On the docket today: a meaty, slippery, jam-packed can of worms. Makes you just lick your lips in anticipation, doesn’t it? Last week’s direct to consumer health testing post got this one going. I mentioned this do-it-yourself health trend comes with both the good and the bad – as yet unproven and unsound alternative therapies like homeopathy being such a potential snare. From that point, a healthy and robust debate ensued in the comment board. Yes, that’s exactly the way it should be. I always appreciate and, indeed, relish the active discourse of our comment board. Folks offer up their experiences, questions, and perspectives in ways that thoughtfully challenge and extend the discussion of the post itself. It’s the beauty of a blog – and the “Internets” as a whole, wouldn’t you say? At times, I find these conversations stand by themselves. Other times, I’ll pick up on a certain thread that I think could use more Primal-based clarification and a further targeted discussion. Today I’m taking up the homeopathy debate and giving the full of my two cents. I’m up for it if you are. Let’s roll up our sleeves and dig in, eh?
One of the great things about our growing community is how people like Denise Minger have emerged from near obscurity to become recognized leaders in certain areas. When it comes to parsing the scientific studies, very few people have the combination of skills, understanding of the scientific method and probability, AND the willingness to dig deep into the minutiae to get to the essence of a study. Denise is one of those rare people. If you haven’t read Denise’s take-down of the China Study, you owe it to yourself to do so.
Lucky for us, Denise has taken the time to dig into the latest research on diet and breast cancer in today’s guest post. (Thank you!) Without further ado, Denise…
If you’ve been scanning the health news lately (or live within earshot of some gloating low-fat adherents), you might’ve noticed a flurry of recent headlines linking fat and cholesterol to breast cancer. In case you haven’t, this should get you up to speed:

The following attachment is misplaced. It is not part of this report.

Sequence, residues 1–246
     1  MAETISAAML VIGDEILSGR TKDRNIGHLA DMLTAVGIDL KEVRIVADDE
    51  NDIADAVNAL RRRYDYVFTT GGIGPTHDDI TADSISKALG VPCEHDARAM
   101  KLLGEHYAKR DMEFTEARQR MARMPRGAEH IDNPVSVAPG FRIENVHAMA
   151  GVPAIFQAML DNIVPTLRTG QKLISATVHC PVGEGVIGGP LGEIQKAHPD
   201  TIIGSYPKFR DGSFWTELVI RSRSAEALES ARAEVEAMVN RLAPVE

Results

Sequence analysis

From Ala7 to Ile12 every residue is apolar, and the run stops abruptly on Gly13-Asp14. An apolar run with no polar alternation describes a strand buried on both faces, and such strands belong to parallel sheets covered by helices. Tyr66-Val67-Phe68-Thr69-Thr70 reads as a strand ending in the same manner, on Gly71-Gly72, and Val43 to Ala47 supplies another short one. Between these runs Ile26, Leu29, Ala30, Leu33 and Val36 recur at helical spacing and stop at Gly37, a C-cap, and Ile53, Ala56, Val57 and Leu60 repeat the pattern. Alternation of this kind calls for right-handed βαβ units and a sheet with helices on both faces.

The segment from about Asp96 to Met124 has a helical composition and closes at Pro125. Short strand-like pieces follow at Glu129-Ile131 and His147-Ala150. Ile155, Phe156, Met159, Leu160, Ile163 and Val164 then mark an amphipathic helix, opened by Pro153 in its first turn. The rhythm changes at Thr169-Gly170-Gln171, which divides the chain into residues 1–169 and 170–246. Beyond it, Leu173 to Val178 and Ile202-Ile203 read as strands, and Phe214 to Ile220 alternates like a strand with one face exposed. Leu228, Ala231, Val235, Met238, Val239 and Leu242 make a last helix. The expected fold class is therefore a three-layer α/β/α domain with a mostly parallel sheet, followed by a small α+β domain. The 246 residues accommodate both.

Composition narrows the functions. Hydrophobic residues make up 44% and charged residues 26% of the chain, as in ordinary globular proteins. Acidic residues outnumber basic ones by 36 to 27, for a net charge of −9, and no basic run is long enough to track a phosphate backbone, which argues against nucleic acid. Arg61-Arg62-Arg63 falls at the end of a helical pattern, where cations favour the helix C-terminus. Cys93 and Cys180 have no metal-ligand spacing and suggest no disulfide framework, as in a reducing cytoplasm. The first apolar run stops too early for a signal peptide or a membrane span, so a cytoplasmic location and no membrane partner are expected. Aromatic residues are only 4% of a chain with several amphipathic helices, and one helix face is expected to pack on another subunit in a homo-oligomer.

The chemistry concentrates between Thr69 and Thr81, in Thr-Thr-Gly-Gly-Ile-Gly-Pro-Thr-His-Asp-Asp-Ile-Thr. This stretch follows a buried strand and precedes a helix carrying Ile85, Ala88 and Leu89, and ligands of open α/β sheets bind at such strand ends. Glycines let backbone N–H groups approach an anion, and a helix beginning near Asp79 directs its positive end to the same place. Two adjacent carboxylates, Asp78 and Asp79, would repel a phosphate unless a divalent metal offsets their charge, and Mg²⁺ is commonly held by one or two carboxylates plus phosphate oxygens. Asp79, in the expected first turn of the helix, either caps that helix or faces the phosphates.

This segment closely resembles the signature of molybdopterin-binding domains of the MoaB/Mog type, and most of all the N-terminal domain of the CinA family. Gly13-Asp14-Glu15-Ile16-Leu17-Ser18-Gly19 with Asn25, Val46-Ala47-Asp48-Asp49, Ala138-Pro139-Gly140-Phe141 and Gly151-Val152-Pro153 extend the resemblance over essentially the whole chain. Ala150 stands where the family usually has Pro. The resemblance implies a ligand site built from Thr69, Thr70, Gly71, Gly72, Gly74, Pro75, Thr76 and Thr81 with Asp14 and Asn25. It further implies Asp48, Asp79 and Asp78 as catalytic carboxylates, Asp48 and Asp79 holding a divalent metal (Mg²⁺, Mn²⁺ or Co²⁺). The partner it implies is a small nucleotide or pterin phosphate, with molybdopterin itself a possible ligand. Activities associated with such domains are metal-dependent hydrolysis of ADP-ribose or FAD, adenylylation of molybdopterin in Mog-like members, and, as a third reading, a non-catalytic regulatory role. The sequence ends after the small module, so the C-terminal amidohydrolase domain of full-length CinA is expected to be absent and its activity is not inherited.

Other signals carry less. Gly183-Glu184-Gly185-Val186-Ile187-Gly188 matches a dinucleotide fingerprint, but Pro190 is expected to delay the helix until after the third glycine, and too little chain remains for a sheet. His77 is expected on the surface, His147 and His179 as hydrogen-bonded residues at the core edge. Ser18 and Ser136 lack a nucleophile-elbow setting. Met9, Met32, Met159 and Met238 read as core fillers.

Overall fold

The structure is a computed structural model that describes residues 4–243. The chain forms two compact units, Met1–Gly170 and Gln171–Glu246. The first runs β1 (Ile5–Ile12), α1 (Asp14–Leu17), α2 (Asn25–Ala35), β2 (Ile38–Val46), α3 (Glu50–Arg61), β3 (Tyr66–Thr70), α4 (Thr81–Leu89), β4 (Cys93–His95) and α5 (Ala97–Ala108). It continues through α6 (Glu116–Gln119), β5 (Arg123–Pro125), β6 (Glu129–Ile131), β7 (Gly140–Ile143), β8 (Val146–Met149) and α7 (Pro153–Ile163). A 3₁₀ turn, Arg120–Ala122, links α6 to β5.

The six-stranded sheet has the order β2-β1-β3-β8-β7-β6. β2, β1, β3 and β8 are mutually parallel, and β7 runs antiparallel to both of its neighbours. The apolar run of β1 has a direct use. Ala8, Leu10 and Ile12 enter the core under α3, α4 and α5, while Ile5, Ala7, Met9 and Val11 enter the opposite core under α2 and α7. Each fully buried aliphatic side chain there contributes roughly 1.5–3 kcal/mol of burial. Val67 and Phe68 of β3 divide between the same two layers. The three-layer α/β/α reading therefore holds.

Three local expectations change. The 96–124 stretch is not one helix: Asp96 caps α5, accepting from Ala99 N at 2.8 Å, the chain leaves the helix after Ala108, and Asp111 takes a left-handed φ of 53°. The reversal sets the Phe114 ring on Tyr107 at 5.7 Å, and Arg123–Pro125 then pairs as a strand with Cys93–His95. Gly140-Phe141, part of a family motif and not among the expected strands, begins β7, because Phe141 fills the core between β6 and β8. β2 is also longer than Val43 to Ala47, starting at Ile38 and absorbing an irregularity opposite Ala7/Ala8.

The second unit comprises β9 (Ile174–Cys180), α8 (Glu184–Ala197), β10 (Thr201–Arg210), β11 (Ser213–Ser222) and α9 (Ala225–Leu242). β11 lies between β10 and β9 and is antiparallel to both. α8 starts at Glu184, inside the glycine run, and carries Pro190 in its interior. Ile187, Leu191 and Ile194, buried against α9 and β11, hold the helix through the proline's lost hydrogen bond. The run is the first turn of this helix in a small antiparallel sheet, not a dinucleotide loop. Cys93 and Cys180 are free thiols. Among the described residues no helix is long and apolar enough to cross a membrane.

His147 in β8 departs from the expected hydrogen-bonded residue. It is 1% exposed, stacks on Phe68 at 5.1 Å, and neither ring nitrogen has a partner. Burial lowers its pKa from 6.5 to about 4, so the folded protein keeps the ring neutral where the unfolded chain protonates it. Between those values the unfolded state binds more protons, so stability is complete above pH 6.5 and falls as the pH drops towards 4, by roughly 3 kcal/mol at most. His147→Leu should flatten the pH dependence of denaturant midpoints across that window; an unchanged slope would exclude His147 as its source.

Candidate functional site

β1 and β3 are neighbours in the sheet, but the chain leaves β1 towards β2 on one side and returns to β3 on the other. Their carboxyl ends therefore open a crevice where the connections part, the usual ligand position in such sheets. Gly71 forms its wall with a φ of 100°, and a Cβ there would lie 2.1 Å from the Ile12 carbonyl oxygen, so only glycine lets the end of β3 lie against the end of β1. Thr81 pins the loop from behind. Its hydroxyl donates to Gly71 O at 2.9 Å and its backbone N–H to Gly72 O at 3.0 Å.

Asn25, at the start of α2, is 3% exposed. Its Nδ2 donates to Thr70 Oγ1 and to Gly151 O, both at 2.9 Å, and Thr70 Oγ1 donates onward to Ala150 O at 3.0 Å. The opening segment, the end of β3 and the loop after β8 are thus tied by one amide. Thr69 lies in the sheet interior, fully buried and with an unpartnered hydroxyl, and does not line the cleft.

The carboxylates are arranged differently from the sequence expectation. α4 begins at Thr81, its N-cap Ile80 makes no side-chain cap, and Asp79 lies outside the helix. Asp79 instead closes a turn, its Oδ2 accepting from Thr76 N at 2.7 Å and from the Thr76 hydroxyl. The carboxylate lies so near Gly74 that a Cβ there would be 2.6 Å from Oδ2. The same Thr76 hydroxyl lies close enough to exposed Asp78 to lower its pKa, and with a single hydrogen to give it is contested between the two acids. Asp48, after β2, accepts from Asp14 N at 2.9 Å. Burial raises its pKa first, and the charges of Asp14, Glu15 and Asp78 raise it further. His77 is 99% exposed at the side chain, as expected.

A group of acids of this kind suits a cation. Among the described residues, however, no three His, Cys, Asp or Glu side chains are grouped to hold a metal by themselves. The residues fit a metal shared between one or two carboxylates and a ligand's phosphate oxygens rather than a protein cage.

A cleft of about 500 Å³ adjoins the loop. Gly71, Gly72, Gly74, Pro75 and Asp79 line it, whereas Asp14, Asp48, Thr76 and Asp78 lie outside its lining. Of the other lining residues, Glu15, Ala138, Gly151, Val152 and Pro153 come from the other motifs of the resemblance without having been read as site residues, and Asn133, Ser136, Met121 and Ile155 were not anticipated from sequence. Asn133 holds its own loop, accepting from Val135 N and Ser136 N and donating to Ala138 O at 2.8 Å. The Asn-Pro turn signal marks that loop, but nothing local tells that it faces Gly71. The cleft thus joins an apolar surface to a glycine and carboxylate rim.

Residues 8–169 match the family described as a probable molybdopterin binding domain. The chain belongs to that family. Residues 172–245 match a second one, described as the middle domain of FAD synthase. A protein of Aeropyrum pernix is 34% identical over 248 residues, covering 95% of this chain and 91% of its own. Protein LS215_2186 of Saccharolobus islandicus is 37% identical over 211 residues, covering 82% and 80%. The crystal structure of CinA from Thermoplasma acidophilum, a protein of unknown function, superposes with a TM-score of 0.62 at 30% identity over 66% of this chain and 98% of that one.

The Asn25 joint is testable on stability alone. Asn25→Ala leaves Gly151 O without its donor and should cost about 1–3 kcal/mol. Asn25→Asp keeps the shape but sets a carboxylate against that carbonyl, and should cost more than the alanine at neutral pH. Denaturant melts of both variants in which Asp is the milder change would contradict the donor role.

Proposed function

Catch the drift?
Plants are not passive things. Oh, they’re not running and fighting and directly acting on the local environment with any sort of mammalian consciousness or intent, but they do employ defenses against hungry animals, insects, intrusive plant life, and disease – just like we do. We differ greatly in a few major areas, of course. Plants make themselves (or their seeds) unpalatable, indigestible, and downright poisonous through the lectins, gluten, and other antinutrients we enjoy railing against; to defend themselves and their offspring (fuzzy “seeds”), animals bare teeth and claws, run incredibly fast, climb trees, burrow into the ground, or wield semiautomatic rifles. But plants’ and animals’ respective modes of management of “internal” threats, like disease or infection, are more similar than not: we all manufacture antioxidants. With animals, the immune system, which defends from pernicious invading forces and helps determine the inflammatory response to harmful stimuli, is well known by all, but there are also the endogenous antioxidants that animals produce to deal with oxidative stress and free radicals. Humans, for example, have the potent arsenal of glutathione, superoxide dismutase, alpha lipoic acid, catalase, and CoQ10. Vitamin C is another common, endogenous animal antioxidant, just not in bats, guinea pigs, tarsiers, monkeys, humans and other apes.
Overburdened doctors sure do love tangible targets, like lipid numbers. They’re easy to hit with drugs. There’s no guesswork – statins and the like actually do lower cholesterol (whether that’s helpful or harmful is the question) – and that makes a physician’s life simpler. Oh, sure, lifestyle changes work, but most patients won’t bother trying them (especially when the changes you prescribe are founded in faulty science and no fun following). Doctors can usually get patients to take a pill.
There’s yet another cholesterol-busting wonder drug on the coming horizon called anacetrapib. A recent eighteen-month trial found that it boosted HDL (from 40 to 101) 138% greater than placebo and slashed LDL (from 81 to 45) 40% better than placebo in patients already taking statins by hampering the effects of the CETP enzyme. Another potent CETP-inhibitor – torcetrapib – made similar headlines in 2006 when it boosted HDL and reduced LDL like nothing else before it, but those headlines were overshadowed when 60% excess mortality occurred in people taking the drug versus those on placebo. So far, anacetrapib seems safe enough, but I’m not holding my breath. I tend to get a little uneasy when we change a single variable and mess with enzymatic pathways in a very complex closed system, with a single goal (raise that HDL, drop that LDL!) in mind. Focusing on numbers that are largely an indication of your lifestyle without doing anything about the lifestyle itself is like pissing into the wind: quite often, it’ll splash all over you, and you’re lucky if it’s just the shoes.
Upfront disclaimer: stress is my big issue. I have most everything about my life pretty well dialed in, but I just don’t handle stress the way I probably should (or the way I tell other people they should).
Most people have the vague notion that meditation is good, usually in a psychological, somehow “not physical” manner. It reduces stress. It’s relaxing. Well, these emotional mindstates have physical or neurological corollaries. You aren’t “just stressed,” as if stress is some concept floating there independent of physiology. Chemicals and hormones induce these states, and meditation can affect their secretion and production.
© 2014 Mark's Daily Apple